5 On Your Side

Companies Work To Ease Online Shopping Problems

Posted December 3, 2004

— While now commonplace, Internet purchases can still be cumbersome. Some retailers are working to better link online, catalog, and in-store shopping.

Kenton Althiser is a rock climber who goes to his favorite outdoor store for the equipment he needs. He also buys a lot of it online.

"You can find everything you need, a lot of access to other links, product info you can't get in the store," he said.

According to an America Online survey, people who use the Internet to shop plan to spend 53 percent of their holiday budgets on the Web, which has many retailers re-tooling.

"We have three channels to shop, our retail store, online and catalog, and you can purchase through any one of those three and return through any of those three," said Jim Bennett, of REI.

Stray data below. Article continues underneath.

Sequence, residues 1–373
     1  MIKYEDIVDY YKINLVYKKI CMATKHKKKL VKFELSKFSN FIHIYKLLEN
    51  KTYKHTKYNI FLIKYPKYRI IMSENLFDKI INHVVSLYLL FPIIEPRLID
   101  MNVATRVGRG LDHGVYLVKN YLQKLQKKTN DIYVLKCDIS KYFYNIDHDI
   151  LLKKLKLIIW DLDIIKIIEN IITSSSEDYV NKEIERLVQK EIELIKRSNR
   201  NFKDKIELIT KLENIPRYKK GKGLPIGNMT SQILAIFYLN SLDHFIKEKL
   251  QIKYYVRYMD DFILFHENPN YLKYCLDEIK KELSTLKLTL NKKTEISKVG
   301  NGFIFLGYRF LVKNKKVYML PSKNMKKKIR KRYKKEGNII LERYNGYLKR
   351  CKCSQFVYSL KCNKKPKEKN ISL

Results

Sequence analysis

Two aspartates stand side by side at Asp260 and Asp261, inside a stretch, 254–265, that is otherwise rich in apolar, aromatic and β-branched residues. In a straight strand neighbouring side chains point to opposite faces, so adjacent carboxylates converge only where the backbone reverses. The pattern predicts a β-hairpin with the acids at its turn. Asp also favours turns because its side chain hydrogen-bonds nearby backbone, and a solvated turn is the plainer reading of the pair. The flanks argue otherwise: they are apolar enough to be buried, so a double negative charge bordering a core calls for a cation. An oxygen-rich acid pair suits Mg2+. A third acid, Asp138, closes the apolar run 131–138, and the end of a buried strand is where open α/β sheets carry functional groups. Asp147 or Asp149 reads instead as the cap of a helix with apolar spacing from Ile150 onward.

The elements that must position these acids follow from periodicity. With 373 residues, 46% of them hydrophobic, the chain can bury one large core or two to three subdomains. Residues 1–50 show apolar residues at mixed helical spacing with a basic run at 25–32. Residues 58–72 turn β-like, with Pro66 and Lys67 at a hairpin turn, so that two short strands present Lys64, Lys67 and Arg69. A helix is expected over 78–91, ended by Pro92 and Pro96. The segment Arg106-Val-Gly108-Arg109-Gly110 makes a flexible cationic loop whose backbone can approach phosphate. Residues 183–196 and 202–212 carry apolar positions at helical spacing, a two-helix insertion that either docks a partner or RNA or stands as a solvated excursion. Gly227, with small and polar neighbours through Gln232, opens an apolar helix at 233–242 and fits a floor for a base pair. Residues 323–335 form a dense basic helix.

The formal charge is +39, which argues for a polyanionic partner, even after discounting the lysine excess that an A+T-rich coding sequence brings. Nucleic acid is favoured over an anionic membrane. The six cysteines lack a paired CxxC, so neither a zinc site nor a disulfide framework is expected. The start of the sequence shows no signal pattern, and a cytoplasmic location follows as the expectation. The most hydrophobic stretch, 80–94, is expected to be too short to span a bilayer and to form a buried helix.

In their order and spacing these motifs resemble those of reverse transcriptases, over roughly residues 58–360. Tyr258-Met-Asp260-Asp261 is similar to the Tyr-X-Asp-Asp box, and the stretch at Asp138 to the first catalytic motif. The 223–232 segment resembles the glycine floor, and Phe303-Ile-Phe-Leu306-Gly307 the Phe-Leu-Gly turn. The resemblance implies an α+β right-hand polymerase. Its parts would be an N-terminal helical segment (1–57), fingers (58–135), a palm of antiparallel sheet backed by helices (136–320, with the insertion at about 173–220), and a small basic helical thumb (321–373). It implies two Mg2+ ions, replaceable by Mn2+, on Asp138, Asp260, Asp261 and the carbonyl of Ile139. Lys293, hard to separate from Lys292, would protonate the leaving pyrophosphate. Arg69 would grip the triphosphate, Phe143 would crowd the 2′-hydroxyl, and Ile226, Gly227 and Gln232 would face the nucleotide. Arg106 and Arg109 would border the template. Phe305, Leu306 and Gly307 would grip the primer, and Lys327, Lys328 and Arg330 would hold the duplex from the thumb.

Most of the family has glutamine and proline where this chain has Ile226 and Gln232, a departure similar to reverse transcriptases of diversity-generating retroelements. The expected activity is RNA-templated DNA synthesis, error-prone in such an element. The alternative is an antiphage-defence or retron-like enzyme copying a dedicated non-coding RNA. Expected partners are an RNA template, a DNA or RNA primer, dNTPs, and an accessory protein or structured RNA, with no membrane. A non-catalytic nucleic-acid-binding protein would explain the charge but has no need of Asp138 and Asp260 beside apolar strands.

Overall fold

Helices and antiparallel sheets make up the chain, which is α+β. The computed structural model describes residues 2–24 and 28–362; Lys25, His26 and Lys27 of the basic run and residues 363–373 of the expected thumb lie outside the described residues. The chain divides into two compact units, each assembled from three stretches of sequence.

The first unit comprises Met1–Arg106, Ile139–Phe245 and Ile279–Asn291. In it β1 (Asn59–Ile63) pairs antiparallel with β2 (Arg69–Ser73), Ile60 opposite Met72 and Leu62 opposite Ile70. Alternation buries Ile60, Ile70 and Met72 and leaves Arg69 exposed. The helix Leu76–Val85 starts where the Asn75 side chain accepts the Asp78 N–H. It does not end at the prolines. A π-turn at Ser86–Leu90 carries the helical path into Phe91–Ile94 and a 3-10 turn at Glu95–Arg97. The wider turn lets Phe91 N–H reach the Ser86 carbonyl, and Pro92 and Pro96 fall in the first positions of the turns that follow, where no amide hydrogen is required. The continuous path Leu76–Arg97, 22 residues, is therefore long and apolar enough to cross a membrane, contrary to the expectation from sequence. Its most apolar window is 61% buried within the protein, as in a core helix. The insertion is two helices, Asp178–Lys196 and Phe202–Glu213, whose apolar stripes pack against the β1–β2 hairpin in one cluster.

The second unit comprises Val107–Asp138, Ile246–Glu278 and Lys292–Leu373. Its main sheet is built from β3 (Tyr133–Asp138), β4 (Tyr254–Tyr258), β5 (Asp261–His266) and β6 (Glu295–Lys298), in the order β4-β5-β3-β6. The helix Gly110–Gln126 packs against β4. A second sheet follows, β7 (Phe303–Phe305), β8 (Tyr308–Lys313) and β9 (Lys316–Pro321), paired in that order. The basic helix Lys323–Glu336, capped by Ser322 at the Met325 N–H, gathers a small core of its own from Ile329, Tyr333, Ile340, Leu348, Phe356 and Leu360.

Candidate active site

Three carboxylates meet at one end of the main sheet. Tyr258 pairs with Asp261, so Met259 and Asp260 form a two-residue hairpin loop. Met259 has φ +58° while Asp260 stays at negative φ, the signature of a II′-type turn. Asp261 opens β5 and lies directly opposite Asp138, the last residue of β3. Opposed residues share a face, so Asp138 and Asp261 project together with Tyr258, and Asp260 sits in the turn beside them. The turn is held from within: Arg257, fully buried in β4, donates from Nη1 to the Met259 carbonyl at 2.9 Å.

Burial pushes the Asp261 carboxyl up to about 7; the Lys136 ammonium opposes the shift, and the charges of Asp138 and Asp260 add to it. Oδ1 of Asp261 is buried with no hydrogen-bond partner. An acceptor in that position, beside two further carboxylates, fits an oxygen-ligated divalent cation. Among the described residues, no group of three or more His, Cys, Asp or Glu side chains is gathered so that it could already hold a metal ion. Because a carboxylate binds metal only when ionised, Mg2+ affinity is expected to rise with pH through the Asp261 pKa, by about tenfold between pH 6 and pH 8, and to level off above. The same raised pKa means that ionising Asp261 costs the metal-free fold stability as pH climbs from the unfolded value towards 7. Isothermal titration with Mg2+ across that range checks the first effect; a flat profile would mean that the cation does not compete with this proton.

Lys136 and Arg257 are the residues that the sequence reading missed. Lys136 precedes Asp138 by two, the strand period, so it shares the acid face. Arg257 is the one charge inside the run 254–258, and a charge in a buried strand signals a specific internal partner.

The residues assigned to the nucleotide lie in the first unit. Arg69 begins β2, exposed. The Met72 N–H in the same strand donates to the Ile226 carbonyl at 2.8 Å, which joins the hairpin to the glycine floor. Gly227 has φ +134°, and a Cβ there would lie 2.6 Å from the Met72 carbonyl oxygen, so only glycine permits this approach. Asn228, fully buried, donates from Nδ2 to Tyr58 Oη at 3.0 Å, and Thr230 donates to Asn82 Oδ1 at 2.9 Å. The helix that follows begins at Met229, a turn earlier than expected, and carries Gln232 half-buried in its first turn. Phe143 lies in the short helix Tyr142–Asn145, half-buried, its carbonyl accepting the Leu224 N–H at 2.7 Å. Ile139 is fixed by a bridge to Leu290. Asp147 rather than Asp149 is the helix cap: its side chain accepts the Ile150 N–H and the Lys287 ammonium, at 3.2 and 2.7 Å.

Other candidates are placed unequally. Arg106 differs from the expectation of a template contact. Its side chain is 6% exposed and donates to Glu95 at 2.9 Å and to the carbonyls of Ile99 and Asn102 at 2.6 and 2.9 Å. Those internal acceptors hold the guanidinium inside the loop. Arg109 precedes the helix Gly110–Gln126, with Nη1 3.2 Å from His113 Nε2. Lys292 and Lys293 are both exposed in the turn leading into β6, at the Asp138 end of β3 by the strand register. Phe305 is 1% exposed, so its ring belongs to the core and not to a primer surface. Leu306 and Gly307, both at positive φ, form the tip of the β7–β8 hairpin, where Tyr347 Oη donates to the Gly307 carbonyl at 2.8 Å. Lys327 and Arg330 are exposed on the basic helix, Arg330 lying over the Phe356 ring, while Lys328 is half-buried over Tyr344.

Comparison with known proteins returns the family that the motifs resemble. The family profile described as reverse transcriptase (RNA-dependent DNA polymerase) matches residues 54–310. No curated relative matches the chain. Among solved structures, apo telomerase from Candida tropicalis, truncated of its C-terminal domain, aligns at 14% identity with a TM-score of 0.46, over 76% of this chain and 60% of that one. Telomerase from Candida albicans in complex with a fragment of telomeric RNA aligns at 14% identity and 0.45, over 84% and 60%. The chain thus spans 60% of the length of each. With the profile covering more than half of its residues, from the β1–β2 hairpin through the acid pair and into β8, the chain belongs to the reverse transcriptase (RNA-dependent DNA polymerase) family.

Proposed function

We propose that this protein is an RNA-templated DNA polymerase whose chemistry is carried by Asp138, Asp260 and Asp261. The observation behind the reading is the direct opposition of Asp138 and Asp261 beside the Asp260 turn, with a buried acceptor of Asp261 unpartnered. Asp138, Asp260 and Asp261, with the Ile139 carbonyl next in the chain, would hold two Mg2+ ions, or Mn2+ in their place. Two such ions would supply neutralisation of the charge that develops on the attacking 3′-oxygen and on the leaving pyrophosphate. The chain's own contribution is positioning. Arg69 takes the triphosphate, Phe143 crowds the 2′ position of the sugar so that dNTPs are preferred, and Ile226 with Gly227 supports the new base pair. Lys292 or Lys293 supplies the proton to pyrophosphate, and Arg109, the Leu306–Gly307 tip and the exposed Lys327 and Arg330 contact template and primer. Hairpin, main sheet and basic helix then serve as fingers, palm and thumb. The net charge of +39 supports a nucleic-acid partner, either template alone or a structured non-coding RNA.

REI also allows customers to order online and pick up at the store.

"Let's say you're not sure of the size, maybe a medium or a large. You order two of them, come to the store and pick it up, try it on right here and the one you don't want, we'll return it right on the spot," Bennett said.

According to computer maker IBM, only 17 percent of online retailers have the technology to do that.

"Retailers evolved their businesses differently, so they had their online business, their in-store business, catalog business and those were separate business units and frequently, there were business challenges associated with competition between those channels," said Joseph Lea, of IBM.

More companies are coming on board.

"We have 1,100 customers and that's growing significantly," Lea said.

Forrester Research did a study of companies that integrated online and in-store shopping. Some of their top picks included Circuit City, JCPenney and Staples.

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